July 28, 2009
Just got back from my Euro-book tour for The Way Home and it was a good one.
Our first stop was Amsterdam, where I am published by Ambo/Anthos. Emily and I stayed in the Ambassade Hotel, a writer's inn situated on a canal, with a huge library containing the work of the guest novelists going back generations. On the first night my editor and publisher, Chris Herschdorfer, and his lovely wife, Elvira, picked us up for dinner in a boat they had rented for the occasion, and we motored through the canals for an hour or so, seeing Amsterdam from a new perspective, moving out into the open sea and docking at a seafood restaurant in an industrial district. The food was outstanding, one of many great meals I had over the next two days. I did press and photo shoots in the hotel during the day. It's work, but it ain't digging a ditch. And it is a long way off from my first visit to Amsterdam in 1980, where as a backpacker I stayed in the Hotel My Home (still standing, still cheap) by the train station and spent daytime hours in the "coffee shops" and nights in the city's many bars drinking Jagermeister and beer. I had fun then and I had a different kind of fun there last week. A special shout-out to Ambo/Anthos publicist, Marijn de Jong.
Next was London where our lodging was the Covent Garden Hotel on Monmouth Street. Upon arrival I went down to the bar and met my pal, journalist Michael Carlson (a transplanted yank, played football for Northwestern), who used to do the NFL show in the UK on Sunday nights. More press followed, orchestrated by Gaby Young, publicist for Orion, my UK house. I did a couple of BBC shows, one with Jeffery Deaver, who I first met years ago at a film noir festival in the Swiss Alps. I did newspapers and magazines and talked up the book. On Wednesday night I had an event at the Prince Charles Cinema (near Leicester Square) with David Simon. Before the show we found a nearby pub to tune up and drank Jameson's and Guinness in the street with my editor, Jon Wood. Drinking in the street is one of my favorite English customs. We were relaxed for our event.
For the weekend we traveled to the town of Harrogate, two and a half hours north of London by train, for the Theakston Old Peculier Crime Writing Festival. It is one of the most enjoyable festivals because the readers participate and often close down the bars with the authors. We're talking about Brits (and plenty of Scots and Irish, too) so there is some sick partying going on throughout the weekend (the hotel bars don't close until the patrons are finished drinking, another fine English tradition). I did an onstage interview with thriller writer Simon Kernick and that went well. Emily and I hung out with novelist Mark Billingham (who won a major award at the festival) and his wife Claire, a television director (attractive, funny, the whole package), who wore a silk pajama top on closing night. On her it looked good. Sunday morning there was another event with David Simon, moderated by my friend, the excellent novelist and push-up champion Laura Lippman. 600 paying fans were in attendance. Needless to say, The Wire is a bit of a phenomenon in the UK.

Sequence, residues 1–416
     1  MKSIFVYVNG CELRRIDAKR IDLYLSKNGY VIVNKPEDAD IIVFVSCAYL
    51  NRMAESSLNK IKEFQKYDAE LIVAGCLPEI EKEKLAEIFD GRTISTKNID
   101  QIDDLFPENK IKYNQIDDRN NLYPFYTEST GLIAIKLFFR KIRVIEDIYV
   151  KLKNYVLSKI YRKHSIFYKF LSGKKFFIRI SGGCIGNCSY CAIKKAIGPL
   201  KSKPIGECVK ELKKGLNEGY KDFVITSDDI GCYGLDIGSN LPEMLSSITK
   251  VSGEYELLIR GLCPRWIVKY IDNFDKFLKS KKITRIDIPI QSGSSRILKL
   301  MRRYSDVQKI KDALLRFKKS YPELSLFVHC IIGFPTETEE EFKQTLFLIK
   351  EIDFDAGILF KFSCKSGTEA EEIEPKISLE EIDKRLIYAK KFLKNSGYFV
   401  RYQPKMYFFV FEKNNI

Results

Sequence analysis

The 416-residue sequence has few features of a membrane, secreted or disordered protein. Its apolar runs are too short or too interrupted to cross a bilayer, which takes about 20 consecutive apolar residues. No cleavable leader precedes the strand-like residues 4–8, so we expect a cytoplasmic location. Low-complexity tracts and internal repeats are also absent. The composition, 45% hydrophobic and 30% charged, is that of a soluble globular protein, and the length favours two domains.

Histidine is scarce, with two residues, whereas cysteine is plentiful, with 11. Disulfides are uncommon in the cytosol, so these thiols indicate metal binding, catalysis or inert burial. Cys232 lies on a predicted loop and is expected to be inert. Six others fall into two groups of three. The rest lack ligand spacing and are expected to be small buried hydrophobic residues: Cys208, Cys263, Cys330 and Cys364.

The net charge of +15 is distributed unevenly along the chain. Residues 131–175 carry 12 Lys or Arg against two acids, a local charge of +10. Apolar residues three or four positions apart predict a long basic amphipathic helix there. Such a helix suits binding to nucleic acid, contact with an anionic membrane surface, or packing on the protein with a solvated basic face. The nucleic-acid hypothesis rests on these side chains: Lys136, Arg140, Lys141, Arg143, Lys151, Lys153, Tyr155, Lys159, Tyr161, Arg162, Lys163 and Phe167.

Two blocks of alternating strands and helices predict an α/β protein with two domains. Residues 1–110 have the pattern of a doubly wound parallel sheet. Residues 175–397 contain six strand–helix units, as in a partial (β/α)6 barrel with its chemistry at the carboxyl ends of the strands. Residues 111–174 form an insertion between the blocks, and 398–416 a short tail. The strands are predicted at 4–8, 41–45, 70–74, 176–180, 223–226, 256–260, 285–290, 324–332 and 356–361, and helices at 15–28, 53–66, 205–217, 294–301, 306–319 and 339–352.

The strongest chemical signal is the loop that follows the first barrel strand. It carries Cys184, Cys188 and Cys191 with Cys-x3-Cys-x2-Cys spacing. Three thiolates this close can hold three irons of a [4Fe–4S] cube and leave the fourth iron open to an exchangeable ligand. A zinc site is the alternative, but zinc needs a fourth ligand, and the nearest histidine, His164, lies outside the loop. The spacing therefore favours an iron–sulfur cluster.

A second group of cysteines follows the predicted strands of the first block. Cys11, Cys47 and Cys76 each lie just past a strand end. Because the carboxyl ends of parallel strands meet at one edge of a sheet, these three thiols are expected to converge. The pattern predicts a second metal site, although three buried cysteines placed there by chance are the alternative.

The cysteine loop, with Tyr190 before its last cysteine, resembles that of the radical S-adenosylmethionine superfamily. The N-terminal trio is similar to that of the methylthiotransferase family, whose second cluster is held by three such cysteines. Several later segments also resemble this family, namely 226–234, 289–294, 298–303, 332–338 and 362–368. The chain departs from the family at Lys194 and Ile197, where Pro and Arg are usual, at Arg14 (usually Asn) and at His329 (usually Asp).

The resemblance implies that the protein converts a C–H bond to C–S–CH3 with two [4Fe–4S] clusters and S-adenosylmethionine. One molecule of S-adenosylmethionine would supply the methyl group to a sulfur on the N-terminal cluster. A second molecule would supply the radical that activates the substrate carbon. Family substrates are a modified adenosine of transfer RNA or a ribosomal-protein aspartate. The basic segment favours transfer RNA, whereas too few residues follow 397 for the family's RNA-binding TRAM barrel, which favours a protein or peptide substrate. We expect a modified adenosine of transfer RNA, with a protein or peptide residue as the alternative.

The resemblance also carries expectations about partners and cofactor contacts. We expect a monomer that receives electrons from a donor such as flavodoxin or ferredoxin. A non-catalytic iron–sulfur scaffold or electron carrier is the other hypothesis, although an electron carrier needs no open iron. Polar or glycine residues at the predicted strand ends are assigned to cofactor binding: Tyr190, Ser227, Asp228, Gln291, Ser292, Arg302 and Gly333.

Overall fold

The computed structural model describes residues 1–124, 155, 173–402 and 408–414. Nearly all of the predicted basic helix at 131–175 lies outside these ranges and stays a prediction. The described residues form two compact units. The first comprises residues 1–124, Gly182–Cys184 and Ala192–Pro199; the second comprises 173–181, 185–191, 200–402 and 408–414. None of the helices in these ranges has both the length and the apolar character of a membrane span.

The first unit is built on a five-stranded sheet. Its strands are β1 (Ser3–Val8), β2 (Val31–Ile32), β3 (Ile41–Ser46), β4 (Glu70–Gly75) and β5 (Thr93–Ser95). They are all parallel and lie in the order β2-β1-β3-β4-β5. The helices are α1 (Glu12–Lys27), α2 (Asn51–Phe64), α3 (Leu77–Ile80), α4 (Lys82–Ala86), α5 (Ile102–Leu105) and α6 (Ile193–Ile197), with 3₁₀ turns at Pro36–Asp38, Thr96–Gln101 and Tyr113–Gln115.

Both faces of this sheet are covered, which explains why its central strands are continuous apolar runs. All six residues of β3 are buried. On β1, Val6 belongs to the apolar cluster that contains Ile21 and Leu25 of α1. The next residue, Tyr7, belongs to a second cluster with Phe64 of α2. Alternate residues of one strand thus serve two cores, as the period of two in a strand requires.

I have skipped mentioning one event in London (leaving the best for last) so I need to go back. Actually, back to D.C. in the spring, where Emily, David, Laura, and I caught a performance of The Pogues at the 9:30 Club and then met them backstage. The band were fans of The Wire (we had used several of their songs, memorably, on the show) and we were all fans of their music going back to the 80s, when I was buying their vinyl imports at records stores like Phantasmagoria in Wheaton, Maryland. A few weeks later Emily and I met band member Spider Stacey and his wife Louise when they were back in Washington. Over a meal in Chinatown, on H Street, (Full Kee, my spot for Chinese) I told Spider that I would like to do a pub event in London when I came over in July, and asked him if he would be interested in playing a set after I did a reading. He agreed and through Gaby Young hooked it up at Boogaloo on Archway Road in Highgate, run by a fellow named Richard who used to book the old Filthy McNasty's. The gig was set for Thursday, July 23. To my surprise, it wasn't just Spider and a couple of friends on the bill, as I had understood it would be. It was The Pogues, who had come to play their first pub date since 1983. In other words, it was history.
After a nasty rainstorm and several pints of Guinness, I came on late, and read a ten minute excerpt from The Way Home.Then the band ambled onstage. Shane McGowan (in full pirate gear, wearing black and an eyepatch), Spider, Jem Finer, Andrew Ranken, James Fearnley, and the rest of the lads (including a horn section), with guest guitarist extraordinaire James Welbourne (The Pretenders, Joe Pernice). They opened with "The Body of an American," one of my favorites from their catalogue. They played "The Sick Bed of Cuchullainn," "If I Should Fall From Grace With God," "Transmetropolitan," and the beautiful ballad, "Kitty." They played, for the first time in public, The Wire's theme song, "Down in the Hole," with Spider on lead vocals. It was a raucous, invigorating set, and very emotional for me. That's not just nostalgia talking; the band, with its poetic lyrics and evocative, rough hewn instrumentation, moves me like no other. My friend, the Welsh writer John Williams, turned to me during one particularly affecting moment, and said, "This is old London."
I was honored to be a part of it, and thrilled to be a witness.
[Editor's Note: All Video by Paul Murff]